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This unit will use devices to strengthen spoken word poetry for students using poems that have been in the literary canon for years as well as some poems that are new to students and the school district. Students will be given the opportunity to create new works as they become engaged in the message, the sounds, and the meanings of words in the context of lines of verse. More importantly, students will gain a deeper understanding of word choice for rhythmical interpretations, purposes of rhyme, theme, tone, and literary devices. Using my students' passion with rap lyrics, we will study the depth of lyrical poetry of rap masters who have been given acclaim for their writing skills, sense of sound, and attention to current and past cultural dilemmas, social issues and world or community events.
Students will become engaged in applying the use of the literary terms as found in poetry analysis in order for them to have a framework for the writing they will read, hear, produce and review. Lyric form and patterns in poetry will be included as a large segment of the analysis of poetry students will delve into while interacting with this unit. This will open students' awareness of syncopation in lexis regarding meter and tone. In this way, students will use a sufficient amount of the procedural canon from the School District of Philadelphia's Planning and Scheduling Timeline.
As I myself am a lover of the art of creating/writing, performing and crafting poems as a creative art, I will expose students to varied types, styles, and authors of poems. I will offer my students opportunity to widen their knowledge of the expressive art as it relates to them in their own community. This unit serves students in a high school setting on all academic levels. It will be used more specifically in ninth and twelfth grade English Language Arts classes but can be altered to suit a framework for an after school poets' club, too.
I will use this unit to congregate the class into a communication community through poetry in order to achieve symphonic synchronization as an aspect of speech in whole and in part, similar to an orchestra. Using the varied collective voices of the classroom, as a choice, I will explore with students the art of choral poetics using aspects of sound sense, multiple vocal and expressive sounds, and most importantly the individual message as it relates to the community - my students' community. This will give students opportunity to connect to others who might sometimes seem as if they are alone in our large high school society. Students will use poems that have been created by famous and not-so famous authors to begin to become comfortable with speaking in front of others and in gaining a sense of sound as words have been printed on the page - bringing life into their printed space.
This unit is also created to provide support for struggling readers and self-conscious speakers in the classroom. This will be done in an effort to provide more opportunity that will build confidence through fluency. It is another goal of this unit that the applied strategies will transfer learning of reading and writing to students' understanding of other advanced text. The symphony of voices used in a whole class or in groups will increase students' vocabulary knowledge, increase their enjoyment and engagement of printed literature, and will motivate students to reread text.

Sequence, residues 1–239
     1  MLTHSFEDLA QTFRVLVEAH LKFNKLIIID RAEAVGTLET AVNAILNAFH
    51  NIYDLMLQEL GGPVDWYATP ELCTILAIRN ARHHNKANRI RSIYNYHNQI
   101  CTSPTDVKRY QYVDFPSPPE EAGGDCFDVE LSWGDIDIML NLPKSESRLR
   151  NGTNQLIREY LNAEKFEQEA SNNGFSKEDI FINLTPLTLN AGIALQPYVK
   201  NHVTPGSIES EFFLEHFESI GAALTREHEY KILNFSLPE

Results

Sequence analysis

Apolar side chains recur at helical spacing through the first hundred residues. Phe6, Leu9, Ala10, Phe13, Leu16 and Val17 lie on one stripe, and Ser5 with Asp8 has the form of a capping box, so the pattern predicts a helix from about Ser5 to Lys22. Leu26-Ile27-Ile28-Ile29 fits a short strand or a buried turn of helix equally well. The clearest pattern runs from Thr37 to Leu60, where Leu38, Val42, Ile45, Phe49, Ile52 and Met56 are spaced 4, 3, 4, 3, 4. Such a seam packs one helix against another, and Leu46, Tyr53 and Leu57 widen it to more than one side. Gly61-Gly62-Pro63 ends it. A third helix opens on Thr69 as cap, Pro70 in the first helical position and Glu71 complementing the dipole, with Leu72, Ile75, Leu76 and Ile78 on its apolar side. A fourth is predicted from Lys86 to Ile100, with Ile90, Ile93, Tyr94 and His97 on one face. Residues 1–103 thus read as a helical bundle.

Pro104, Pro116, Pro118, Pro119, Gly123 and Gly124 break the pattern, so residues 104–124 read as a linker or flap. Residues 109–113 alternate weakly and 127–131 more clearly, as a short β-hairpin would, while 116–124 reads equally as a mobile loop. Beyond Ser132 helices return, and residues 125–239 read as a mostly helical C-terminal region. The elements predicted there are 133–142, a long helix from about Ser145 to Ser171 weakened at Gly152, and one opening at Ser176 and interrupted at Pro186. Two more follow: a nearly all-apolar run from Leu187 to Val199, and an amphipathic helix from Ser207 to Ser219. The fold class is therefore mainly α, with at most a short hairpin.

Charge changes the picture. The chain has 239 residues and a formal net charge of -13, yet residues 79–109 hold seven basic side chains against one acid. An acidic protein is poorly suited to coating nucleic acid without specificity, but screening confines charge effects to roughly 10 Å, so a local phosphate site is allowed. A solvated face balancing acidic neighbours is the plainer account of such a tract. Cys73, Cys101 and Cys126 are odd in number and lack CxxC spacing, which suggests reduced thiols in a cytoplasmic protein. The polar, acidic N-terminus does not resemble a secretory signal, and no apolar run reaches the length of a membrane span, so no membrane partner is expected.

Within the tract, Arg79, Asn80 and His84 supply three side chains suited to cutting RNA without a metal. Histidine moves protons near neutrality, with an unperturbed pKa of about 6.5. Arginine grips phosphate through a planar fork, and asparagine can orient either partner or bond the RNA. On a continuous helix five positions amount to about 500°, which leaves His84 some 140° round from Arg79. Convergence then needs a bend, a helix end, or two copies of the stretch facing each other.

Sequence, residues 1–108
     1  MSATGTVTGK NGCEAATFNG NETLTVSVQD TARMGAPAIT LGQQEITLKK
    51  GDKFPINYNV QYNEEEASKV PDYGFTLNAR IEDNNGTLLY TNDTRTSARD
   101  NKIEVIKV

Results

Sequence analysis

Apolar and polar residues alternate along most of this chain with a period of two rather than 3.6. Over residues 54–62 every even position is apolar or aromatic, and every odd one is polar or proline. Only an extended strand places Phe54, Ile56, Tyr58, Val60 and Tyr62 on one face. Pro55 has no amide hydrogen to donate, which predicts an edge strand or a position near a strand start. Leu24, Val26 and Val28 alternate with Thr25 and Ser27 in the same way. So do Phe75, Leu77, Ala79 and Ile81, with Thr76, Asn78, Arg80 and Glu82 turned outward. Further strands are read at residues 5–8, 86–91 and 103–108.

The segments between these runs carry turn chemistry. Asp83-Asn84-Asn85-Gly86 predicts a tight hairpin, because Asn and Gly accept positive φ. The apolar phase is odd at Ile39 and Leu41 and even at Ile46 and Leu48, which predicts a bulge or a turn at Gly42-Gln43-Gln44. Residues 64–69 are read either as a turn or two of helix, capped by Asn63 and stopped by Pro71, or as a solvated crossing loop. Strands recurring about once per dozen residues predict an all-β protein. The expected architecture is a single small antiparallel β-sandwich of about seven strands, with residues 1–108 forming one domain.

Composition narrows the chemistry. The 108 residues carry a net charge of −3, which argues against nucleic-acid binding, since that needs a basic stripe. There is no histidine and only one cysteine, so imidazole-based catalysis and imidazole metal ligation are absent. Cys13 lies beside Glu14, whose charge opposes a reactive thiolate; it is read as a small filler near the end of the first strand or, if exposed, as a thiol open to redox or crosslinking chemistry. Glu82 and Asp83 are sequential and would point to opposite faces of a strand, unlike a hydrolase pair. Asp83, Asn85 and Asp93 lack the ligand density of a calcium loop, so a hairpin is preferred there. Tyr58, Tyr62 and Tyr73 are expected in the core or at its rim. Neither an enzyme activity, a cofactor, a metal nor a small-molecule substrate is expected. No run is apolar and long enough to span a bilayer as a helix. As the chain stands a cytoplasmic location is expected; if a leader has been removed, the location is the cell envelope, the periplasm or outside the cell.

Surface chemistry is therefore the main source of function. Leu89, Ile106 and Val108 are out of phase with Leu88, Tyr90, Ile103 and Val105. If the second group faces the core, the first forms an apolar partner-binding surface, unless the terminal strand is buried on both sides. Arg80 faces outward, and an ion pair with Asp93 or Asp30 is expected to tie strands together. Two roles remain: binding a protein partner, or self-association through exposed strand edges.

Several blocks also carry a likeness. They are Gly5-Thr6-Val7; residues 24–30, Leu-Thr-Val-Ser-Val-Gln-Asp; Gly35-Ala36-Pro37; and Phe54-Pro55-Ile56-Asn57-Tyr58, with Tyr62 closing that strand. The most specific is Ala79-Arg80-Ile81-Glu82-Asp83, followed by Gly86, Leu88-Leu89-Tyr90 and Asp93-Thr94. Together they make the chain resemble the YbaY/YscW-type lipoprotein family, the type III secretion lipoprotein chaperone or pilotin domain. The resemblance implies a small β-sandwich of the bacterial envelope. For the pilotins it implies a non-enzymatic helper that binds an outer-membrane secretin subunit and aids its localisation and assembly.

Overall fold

As a part of the unit's goals, students will be guided in writing symphonic selections of poetry citing specific voices for particular verse and stanzas, this strategy will be explored to give way for students to express their feelings, make known their opinions, and tell their points of view in a more effective mode of communication in a public forum. The unit will activate a foreground for choral reading of poetry and other literary text. This unit's goal is to invite students to become a community that harbors less conflict and more bonding through sound and writing. This will lend itself to teaching tone in which every poet speaks1 — representing the inner, mental and emotional experience.
Approaching this unit in the classroom will allow students to participate in reading aloud published poetry as well as creating poetic literature that expresses personal affirmations of triumph, encouragement, rage, hope, and most undoubtedly love in every aspect of student life. Students are not always given the opportunity to say what they like or even allowed creative expression in this realm of education. Students are asked only to satisfy state assessments and other exams. This unit is being developed to allow students creative choice for writing in between the pressures of testing for proficiency. This unit will enhance students' levels of interaction with language, words, and comprehension in an analytical way because it will force them to become more precise in usage of specific terms to convey written and verbal messages.
Students do not always say what they really mean. For the most part, their response to a wide range of emotions on a continuum exists at opposite ends of the emotional spectrum either fierce anger or loving kindness. I want my students to be able to write, to use their voice, both their inner voice as well as their oral sounds, to tell their story poetically — truthfully. My students need to know that their voices serve them as an individual and as a participant in a community. Each one is linked to another no matter where their lives began. In thinking this way, I have considered the cultural diversity that exists in my classroom. Students are from the neighborhood, and from African countries like Ghana, Liberia, Sierra Leone, Nigeria and Botswana; still other students are from various Caribbean Islands like Jamaica, the Bahamas, Trinidad, St. Lucia, Dominican Republic, and Puerto Rico. My students bring various levels of life's ever-changing experiences with them when they sit in the classroom each day, from personal triumphs and tragedy to trauma and tenacious strength.